The Fall 2023 Unified Agenda – Implications for 2024

6 min

On December 6, the Biden administration released its Fall 2023 Unified Agenda of Regulatory and Deregulatory Actions. A unified agenda is issued in the spring and fall each year; it outlines federal agencies' areas of focus going forward and provides timelines for upcoming regulatory actions. The Fall 2023 Unified Agenda is particularly important, as it provides a blueprint for what the Biden administration plans to accomplish before the 2024 election and a potential change in administration.

Unified Agenda: What It Is, and Is Not

The Unified Agenda is required by law as a transparency measure under the Regulatory Flexibility Act of 1980 (as amended). The original law was intended to provide small businesses, small organizations such as nonprofits, and local governments with advance notice of potentially significant economic effects of regulations. Subsequently, President Clinton's Executive Order 12866 further required each agency to prepare a more general list of regulations under development or review; this list is customarily appended to the unified agendas.

Crucially, a unified agenda is not binding. But the timelines provided for regulatory actions shine a light on when a presidential administration aims to complete key components of its agenda, as each rule on the unified agenda has an anticipated completion date listed.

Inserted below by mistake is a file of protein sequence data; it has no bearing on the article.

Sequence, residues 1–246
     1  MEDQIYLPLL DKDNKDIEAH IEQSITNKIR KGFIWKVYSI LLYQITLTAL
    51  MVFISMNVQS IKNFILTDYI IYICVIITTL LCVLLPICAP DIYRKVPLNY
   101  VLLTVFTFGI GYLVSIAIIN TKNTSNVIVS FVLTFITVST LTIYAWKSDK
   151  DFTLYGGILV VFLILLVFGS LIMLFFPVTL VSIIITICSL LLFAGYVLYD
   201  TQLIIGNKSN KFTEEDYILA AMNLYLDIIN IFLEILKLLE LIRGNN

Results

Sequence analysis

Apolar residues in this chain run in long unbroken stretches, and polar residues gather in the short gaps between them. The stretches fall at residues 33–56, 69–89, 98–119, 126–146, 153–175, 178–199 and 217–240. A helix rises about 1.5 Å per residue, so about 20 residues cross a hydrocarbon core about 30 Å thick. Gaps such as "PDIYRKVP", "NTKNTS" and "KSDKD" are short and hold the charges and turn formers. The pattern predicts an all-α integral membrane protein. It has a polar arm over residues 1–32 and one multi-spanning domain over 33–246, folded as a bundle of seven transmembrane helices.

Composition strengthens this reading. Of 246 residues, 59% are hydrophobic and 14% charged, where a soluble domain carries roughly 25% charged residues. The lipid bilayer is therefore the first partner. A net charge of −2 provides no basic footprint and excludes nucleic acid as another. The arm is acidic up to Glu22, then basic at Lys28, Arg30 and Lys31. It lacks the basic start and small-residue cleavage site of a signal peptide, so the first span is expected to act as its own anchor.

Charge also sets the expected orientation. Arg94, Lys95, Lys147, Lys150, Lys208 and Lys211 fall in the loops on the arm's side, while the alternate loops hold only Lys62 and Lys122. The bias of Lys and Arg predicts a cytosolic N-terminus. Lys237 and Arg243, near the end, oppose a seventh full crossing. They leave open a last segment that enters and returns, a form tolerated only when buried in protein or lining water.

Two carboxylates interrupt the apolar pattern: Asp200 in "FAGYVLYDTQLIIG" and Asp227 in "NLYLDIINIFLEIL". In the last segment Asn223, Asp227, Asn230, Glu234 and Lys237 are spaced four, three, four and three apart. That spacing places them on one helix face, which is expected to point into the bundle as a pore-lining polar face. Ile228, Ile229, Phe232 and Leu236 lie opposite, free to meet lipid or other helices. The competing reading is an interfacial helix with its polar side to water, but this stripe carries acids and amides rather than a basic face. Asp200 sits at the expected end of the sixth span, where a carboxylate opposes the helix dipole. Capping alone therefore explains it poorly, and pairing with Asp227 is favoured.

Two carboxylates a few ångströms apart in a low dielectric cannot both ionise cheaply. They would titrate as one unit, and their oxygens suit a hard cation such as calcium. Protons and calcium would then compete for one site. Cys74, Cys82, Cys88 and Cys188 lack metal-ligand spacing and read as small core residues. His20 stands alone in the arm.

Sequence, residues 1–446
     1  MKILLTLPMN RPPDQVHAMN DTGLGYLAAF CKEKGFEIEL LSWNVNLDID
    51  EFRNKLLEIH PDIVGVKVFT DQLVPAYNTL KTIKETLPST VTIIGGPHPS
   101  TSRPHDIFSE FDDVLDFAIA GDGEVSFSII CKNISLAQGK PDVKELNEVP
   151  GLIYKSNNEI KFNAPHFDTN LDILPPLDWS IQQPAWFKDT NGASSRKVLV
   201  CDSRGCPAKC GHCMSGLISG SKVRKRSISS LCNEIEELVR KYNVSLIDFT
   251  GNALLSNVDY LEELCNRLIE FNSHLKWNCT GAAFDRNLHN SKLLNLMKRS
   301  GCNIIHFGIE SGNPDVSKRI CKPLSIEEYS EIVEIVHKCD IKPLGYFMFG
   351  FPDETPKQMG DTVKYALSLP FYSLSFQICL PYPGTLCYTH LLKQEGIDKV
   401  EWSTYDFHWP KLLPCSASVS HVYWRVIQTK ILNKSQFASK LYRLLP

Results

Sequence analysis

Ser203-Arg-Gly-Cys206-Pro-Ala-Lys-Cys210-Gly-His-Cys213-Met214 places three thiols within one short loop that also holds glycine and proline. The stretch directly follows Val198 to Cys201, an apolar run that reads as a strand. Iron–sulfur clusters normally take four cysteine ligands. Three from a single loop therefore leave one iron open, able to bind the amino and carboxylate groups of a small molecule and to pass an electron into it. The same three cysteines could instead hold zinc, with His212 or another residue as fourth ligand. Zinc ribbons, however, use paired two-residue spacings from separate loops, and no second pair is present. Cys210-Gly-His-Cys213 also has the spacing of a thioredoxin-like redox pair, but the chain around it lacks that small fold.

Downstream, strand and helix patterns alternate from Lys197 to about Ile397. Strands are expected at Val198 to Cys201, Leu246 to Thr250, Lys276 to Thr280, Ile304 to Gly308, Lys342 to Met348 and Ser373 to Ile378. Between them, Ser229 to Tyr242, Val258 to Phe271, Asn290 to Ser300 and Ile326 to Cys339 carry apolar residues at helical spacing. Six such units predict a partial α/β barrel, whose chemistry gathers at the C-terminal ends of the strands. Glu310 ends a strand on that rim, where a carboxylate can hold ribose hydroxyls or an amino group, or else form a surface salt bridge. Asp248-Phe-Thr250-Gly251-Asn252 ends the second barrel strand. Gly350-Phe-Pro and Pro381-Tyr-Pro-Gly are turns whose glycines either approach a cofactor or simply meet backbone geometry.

The Congressional Review Act's Nexus with the Unified Agenda

Because of the implications of the Congressional Review Act (CRA), timelines for upcoming regulations become critical for a unified agenda released the fall before an election year. The CRA allows for an expedited procedure by which Congress can block regulations passed within a certain look-back period, subject to presidential veto. When combined with an election and change in administration, the CRA becomes a powerful tool for a new president and Congress of the same party to undo the regulatory work of the previous administration. During the first half of President Trump's first term, for example, Congress overturned 16 rules.